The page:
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MattPage   

: The King of Kings

I'm going to have to forget that I ever saw this. A 155 minute original eh? Can't remember how long my VHS copy is.

Matt

PS Clint - when you mention King of Kings in your second post dop you mean the 1962 film then or do you mean The King of Kings again there?

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Information on Kagemusha is now up.

Wooohoooo! That's the one movie I listed in the "A movie you don't own, but wish you did" thread!

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DanBuck   
What's the freakin hold up for an Ordet region 1 disc?

?!? I have an Ordet/R1 disc--I think. I rented it from GreenCine. It plays on my player. It played on my church's player last night.

Wow I just figgered it didn't exist since All of the Orange Co. Public Library has no record of it and its not on netflix.

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What's the freakin hold up for an Ordet region 1 disc?

?!? I have an Ordet/R1 disc--I think. I rented it from GreenCine. It plays on my player. It played on my church's player last night.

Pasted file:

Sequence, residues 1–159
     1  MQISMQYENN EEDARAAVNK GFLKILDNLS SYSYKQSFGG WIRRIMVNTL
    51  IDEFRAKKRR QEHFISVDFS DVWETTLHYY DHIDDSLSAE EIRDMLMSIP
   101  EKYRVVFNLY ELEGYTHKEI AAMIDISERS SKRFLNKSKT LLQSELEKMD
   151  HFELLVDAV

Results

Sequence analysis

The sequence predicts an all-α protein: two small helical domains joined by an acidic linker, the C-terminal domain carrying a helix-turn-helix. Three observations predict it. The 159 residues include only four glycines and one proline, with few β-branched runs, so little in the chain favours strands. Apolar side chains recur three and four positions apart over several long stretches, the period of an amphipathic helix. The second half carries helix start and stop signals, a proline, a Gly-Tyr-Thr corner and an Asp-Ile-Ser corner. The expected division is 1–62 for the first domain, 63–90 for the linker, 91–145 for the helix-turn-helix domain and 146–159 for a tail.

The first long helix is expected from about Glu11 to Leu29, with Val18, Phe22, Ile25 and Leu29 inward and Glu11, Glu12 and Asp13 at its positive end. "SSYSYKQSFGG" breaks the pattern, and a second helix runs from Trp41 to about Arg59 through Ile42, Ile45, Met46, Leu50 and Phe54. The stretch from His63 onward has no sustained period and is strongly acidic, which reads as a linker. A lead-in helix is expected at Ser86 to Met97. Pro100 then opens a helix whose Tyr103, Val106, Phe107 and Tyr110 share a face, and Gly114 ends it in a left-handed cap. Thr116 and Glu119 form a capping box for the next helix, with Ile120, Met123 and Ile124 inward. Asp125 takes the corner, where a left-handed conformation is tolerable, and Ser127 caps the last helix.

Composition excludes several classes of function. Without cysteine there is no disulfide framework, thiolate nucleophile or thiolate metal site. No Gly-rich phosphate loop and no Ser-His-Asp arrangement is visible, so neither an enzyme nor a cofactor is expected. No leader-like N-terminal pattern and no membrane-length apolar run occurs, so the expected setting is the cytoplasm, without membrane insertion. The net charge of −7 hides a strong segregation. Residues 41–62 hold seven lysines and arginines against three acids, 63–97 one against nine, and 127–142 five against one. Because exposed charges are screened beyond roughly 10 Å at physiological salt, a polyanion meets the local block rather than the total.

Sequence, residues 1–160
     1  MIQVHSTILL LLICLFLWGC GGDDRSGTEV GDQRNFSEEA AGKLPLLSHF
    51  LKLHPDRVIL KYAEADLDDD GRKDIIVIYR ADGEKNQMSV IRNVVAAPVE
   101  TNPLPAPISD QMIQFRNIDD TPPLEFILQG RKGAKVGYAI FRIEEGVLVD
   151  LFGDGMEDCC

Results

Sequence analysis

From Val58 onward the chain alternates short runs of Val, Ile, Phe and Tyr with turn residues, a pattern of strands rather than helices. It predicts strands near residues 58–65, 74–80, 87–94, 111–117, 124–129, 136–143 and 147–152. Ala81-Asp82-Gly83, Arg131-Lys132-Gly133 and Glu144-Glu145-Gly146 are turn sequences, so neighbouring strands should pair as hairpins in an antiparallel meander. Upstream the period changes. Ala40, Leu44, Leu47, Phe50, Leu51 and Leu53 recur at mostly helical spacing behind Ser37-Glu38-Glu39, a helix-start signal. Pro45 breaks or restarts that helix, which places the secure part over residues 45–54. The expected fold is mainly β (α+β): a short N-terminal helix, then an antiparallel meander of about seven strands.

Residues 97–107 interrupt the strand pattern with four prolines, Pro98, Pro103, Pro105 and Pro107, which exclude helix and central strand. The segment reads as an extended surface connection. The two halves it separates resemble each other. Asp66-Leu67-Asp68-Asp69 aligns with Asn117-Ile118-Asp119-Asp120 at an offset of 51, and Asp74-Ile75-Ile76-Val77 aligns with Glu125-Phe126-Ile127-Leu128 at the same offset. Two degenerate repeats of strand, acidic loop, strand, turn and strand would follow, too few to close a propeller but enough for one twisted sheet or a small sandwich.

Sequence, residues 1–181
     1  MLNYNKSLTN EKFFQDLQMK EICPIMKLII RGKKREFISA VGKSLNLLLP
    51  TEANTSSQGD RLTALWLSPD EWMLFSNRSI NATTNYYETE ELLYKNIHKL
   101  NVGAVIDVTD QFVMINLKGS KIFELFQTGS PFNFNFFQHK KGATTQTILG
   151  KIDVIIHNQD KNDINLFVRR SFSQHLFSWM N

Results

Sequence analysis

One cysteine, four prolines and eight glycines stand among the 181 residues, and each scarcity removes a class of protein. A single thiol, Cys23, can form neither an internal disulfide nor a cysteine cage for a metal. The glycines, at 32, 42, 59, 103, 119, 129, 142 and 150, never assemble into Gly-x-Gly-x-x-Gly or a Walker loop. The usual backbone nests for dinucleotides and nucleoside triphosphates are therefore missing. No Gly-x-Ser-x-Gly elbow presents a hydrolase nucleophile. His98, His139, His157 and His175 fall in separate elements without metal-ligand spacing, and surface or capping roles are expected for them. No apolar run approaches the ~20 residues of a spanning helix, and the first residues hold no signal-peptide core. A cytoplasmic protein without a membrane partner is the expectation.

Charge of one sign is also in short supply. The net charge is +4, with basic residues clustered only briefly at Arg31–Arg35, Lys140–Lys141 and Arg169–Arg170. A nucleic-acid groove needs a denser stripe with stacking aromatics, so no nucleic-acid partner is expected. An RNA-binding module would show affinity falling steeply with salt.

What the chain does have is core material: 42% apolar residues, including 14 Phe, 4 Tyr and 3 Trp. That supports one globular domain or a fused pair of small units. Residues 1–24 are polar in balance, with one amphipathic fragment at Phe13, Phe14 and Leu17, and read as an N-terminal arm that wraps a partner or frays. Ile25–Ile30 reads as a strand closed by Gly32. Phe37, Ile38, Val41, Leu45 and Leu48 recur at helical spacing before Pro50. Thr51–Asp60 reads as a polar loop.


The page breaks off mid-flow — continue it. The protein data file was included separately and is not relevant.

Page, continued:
Wow I just figgered it didn't exist since All of the Orange Co. Public Library has no record of it and its not on netflix.

Ordet is part of Criterion's Carl Dreyer Collection, which also includes Day of Wrath, Gertrude, and a documentary about the filmmaker. I don't belong to any of the DVD-rental services, so I don't know if the collection is available as a rental, but it's superb and is easily worth the purchase price, if you're feeling bold. I make no guarantees that you'll like Dreyer's films, but speaking strictly for myself, I think Ordet is the best film I've ever seen, and Day of Wrath is somewhere in my top 20. I'm not big on Gertrude, but enough people I respect have spoken so well of that film that I'm hoping it grows on me in time.

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rjkolb